Man on a ledge: achieving life-work balance

4 Mar

It’s been a challenging few months since the last post; I don’t want this to be a confessional blog, but suffice to say that my wife Katie has been fairly ill, having been diagnosed in mid-December. And, frankly, it’s the thing that’s on my mind constantly, so what else to write about….

As ever, such things throw everything else into a sharp, instant perspective, which has a direct impact on how you approach work and all its different parts.

For me, there’s been a few things I’ve noticed:

prioritisation is everything (see previous post on the myth of multitasking); there’s a reason why this is the first blog post in three months or so, and the non-urgent and the peripheral drops away rapidly….apologies to those at the periphery, but that’s just how it’s been of late

impatience as a driver: I’m hugely driven at the moment to cut through flim-flam, inefficient (or unneeded) meetings, stuff that doesn’t deliver change / impact, circular discussions and so forth; and (as the image says), seize opportunities wherever possible; this impatience is something that has to be managed, otherwise it can easily move towards rudeness rather than (more positively) towards greater productivity

support networks: it’s one of those terms/phrases that you don’t really know what it means until you call upon it; thanks to all those who’ve been kind, supportive + listened (and those who continued to take the piss/make me laugh); especially colleagues + workplace who’ve demonstrated for real that the organisational values actually mean something outside of the business plan

flexible working has limits: hospital wifi is poor, and multitasking doesn’t work with this kind of stuff: attention required at all times; so thank heaven for e-mail on smart phones (without which I would be playing an even larger game of catch-up), but I’m also recognising the benefits of an office with flows of information, companionship and co-working [a good reminder of why I left freelancing behind]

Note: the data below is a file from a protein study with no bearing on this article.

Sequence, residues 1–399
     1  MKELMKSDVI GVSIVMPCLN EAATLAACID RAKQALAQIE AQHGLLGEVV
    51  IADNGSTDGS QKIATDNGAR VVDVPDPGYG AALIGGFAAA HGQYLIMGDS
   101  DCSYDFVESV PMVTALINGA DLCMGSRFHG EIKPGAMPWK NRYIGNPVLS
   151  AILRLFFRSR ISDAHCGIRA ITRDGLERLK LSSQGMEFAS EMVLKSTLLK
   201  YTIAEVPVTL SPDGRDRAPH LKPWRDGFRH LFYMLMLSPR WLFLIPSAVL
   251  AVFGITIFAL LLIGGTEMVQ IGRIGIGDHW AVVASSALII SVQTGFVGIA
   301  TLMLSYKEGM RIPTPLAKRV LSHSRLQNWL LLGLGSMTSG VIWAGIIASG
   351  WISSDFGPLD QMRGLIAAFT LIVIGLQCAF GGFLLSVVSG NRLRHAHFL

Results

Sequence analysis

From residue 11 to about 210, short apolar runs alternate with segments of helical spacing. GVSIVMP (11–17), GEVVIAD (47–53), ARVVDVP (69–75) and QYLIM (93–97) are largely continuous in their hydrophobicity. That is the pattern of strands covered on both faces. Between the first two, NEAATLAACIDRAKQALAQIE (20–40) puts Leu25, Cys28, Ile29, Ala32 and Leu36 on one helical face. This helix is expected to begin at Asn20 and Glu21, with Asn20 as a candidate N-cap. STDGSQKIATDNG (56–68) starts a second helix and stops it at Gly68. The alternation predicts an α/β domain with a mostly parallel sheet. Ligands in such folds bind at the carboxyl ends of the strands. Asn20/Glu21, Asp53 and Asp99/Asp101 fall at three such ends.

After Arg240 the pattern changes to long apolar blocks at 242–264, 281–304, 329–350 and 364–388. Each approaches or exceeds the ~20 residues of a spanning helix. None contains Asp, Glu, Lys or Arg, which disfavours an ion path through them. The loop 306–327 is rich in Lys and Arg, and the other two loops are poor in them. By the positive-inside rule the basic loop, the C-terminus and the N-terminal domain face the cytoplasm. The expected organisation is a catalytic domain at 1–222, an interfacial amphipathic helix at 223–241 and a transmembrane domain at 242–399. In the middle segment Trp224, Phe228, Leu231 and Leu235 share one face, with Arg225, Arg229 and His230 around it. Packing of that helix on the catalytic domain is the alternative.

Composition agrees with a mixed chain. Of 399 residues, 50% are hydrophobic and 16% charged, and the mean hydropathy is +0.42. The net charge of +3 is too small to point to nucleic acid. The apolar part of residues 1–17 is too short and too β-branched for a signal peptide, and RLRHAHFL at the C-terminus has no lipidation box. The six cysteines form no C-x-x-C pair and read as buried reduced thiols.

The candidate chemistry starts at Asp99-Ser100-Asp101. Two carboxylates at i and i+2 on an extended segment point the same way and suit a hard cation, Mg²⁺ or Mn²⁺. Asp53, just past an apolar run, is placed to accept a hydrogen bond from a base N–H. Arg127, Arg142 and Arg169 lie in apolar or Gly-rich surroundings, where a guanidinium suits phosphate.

there’s always someone worse off (and willing to talk): it’s not a particularly positive thing to hang your hat on, but it is true; people in every network, every sector, every group of friends…are dealing with big, hairy problems all the time; and honesty about your situation begets honesty about theirs

crosswords are therapeutic: I’d kind of got out of the habit of doing the crossword on the commute home, but am finding it a thoroughly useful thing: not only occupying the mind, but also doing something that has definite answers and a clear order; a clarity and certainty not available elsewhere

drink plenty of water and get enough sleep: I may well write a self-help / productivity book in future which simply has this as the title, with a load of blank pages inside; certainly guaranteed to achieve more than any amount of positive visualisation and aligned chakras

On that note, back for some water, crosswords, sleep and prioritising the important stuff over this blog :0)


3 Responses to “Man on a ledge: achieving life-work balance”

  1. James Cracknell March 5, 2012 at 8:08 am #

    Hi Nick

    First thing, I sincerely hope your wife is on the road to recovery. I have no doubt that at times like this the support of those around you is of great comfort, it is always best to meet uncertainty with the help of shared knowledge and collective understanding.
    The people, like me, who take on board your sage advice, think of you as an extremely helpful thoughtful man who allows them to see their lives more clearly. They will no doubt echo my best wishes for the both of you as well as agree that we are at the ‘periphery’ and should place no demands upon you until your life has more clarity itself or until you decide to initiate the communication.

    Take care.

  2. Sinead Mac Manus (@sineadmacmanus) March 6, 2012 at 6:31 pm #

    Hi Nick

    So sorry to hear about this and like James I hope you wife is getting better. Thanks for sharing this post and reminding us that when life throws us curve balls it brings everything into sharp and essential focus. If only we could do it without the balls (so to speak).

    Take care

  3. Craig Dearden-Phillips March 24, 2012 at 4:59 pm #

    Hi Nick,

    Craig here. I stumbled across your first blog in ages this afternoon. Extreme situations remind us of important truths and I am sure you are handling your enhanced intolerance of flim-flam and circularity with your usual skill. But the truth cuts through – don’t waste time. As I approach half-time in my own life, I feel this too. And was I or my loved-ones to get unlucky I am sure that feeling would redouble. Glad you’re OK and I hope Katie’s treatment is going well.

    Take care


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